As West Ham prepare for their final season at the Boleyn Ground, the club’s commercial department are planning a series of special events for the 2015/16 season.
One such item they want to produce is a book in which fans’ memories of special matches or moments at the famous old ground will be recorded. The recent, exhilarating, FA Cup third-round replay against Everton is a worthy candidate for inclusion, I think.
As the Hammers are all but safe in the Premier League already this season with 36 points and with nearly four months to go, Sam Allardyce sees the FA Cup as a priority this time around, especially after their dismal showing in last year’s competition.
When the away tie was drawn, most West Ham fans must have thought that the Toffees would once again halt their progress into round four, given that their side had not beaten Everton home or away since April 2007.
After James Collins had headed them into the lead on 55 minutes, the Irons had chances to go further in front. True to form, Big Sam switched to a defensive formation as he was hoping that his side could hang on to what they had.
To their credit, they nearly managed it. But as he always seems to do against us, striker Romelu Lukaku popped up with an equaliser in stoppage time. Probably the last thing Everton could have done with, given their exploits in Europe this campaign.
The match was set up after that 1-1 draw at Goodison Park and what a long, eventful night it proved to be.
On the pitch, the teams served up a thriller. But off of it, it was a nightmare for many. Those in the ticket office and those manning turnstiles were overwhelmed by the horrendous queues. There were still supporters entering the stadium at half-time. One fan I know had ordered tickets online when the general sale period began on the Saturday and he told me he finally received them the morning after the game. Not good preparation by those involved, one has to say.
West Ham fans will tell you the atmosphere under the lights at Upton Park is invariably something to behold and despite all the pre-match frustrations, this was no different. Although it was goalless at the break, both teams had played well throughout, but it was Enner Valencia’s 59th minute strike that seemingly put the Hammers on their way to the fourth round for the first time in five years and a trip to Ashton Gate to take on Bristol City.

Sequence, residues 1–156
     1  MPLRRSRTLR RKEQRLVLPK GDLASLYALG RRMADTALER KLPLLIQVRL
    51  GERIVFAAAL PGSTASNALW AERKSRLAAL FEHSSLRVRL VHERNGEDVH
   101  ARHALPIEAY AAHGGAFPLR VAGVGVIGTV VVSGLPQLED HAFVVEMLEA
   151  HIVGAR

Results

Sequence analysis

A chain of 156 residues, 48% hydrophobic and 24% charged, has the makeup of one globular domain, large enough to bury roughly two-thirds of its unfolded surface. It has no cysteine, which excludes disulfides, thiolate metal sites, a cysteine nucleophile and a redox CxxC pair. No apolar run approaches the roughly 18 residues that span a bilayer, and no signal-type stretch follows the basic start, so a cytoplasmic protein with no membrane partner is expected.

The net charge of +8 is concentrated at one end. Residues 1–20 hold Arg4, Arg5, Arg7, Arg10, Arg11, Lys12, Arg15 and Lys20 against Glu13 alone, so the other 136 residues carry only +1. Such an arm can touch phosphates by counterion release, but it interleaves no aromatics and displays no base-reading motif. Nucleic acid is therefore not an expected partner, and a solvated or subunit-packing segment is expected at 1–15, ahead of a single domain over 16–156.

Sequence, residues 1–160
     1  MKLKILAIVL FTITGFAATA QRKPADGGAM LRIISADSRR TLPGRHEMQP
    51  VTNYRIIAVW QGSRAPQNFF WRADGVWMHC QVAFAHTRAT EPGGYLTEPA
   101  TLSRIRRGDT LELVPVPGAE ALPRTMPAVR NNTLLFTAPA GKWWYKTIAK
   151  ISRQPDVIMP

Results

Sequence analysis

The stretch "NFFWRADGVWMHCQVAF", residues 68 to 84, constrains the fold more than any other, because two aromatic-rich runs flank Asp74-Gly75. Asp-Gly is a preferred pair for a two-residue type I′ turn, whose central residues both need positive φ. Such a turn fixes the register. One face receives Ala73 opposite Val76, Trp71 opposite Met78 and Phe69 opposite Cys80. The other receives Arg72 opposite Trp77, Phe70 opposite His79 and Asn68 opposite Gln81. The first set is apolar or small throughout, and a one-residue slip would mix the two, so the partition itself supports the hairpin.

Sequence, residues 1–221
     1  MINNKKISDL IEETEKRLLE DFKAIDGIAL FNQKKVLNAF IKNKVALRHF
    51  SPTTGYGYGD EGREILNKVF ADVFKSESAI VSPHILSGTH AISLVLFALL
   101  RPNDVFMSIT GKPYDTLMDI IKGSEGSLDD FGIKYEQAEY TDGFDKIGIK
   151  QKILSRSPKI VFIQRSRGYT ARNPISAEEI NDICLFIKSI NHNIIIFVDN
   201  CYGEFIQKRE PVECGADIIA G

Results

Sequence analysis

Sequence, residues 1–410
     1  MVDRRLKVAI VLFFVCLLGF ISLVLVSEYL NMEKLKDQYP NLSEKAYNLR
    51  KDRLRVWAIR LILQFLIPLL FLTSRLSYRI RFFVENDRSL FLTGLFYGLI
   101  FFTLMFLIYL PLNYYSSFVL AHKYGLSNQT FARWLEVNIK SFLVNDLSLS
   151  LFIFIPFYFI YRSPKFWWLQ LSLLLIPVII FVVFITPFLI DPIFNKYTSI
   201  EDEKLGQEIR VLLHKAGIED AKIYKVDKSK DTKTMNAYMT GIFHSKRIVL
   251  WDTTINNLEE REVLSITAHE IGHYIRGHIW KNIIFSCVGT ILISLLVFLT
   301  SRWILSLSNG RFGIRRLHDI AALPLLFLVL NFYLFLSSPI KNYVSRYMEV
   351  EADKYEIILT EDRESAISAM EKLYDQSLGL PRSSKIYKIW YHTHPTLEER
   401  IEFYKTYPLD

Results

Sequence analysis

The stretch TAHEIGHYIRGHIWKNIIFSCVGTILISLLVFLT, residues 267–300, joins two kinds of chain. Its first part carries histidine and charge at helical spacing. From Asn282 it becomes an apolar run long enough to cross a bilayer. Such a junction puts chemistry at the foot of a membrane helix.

But I guess we should have known better! A late goal out of nowhere from Kevin Mirallas levelled the match again, which provided yet another 30 minutes of high drama.
The home side’s nemesis Lukaku netted yet again to seemingly break our hearts after just seven minutes and as extra time drew to a close, Roberto Martinez’s men looked on course to continue their phenomenal record against the Hammers. It was fair to say that the majority inside the ground took umbrage at this decision to introduce Carlton Cole off the bench, but just 100 seconds after the striker replaced James Collins, the manager’s plan to go with three upfront proved spot on, as Cole put the ball past Joel Robles to send Upton Park rocking again.
The action was now frenetic. Both sides tried desperately to find a winner in order to prevent penalties deciding the tie but with the scores all square on the night after two pulsating hours of football, there was still more drama to come.
As the first round of five came to an end Stewart Downing stepped up to win the tie. Surely he couldn’t miss; but he did. Life is never easy as a Hammers fan.
So, on to Round 10 of sudden death and it was down to the opposing goalkeepers to step up to the mark. Adrian added to his emerging cult-hero status and made sure of West Ham’s progression to give Allardyce a first cup win since being appointed manager in June 2011.
I’m sure many fans will have great memories that they will submit for this book, but for me this game will have to be in there with them.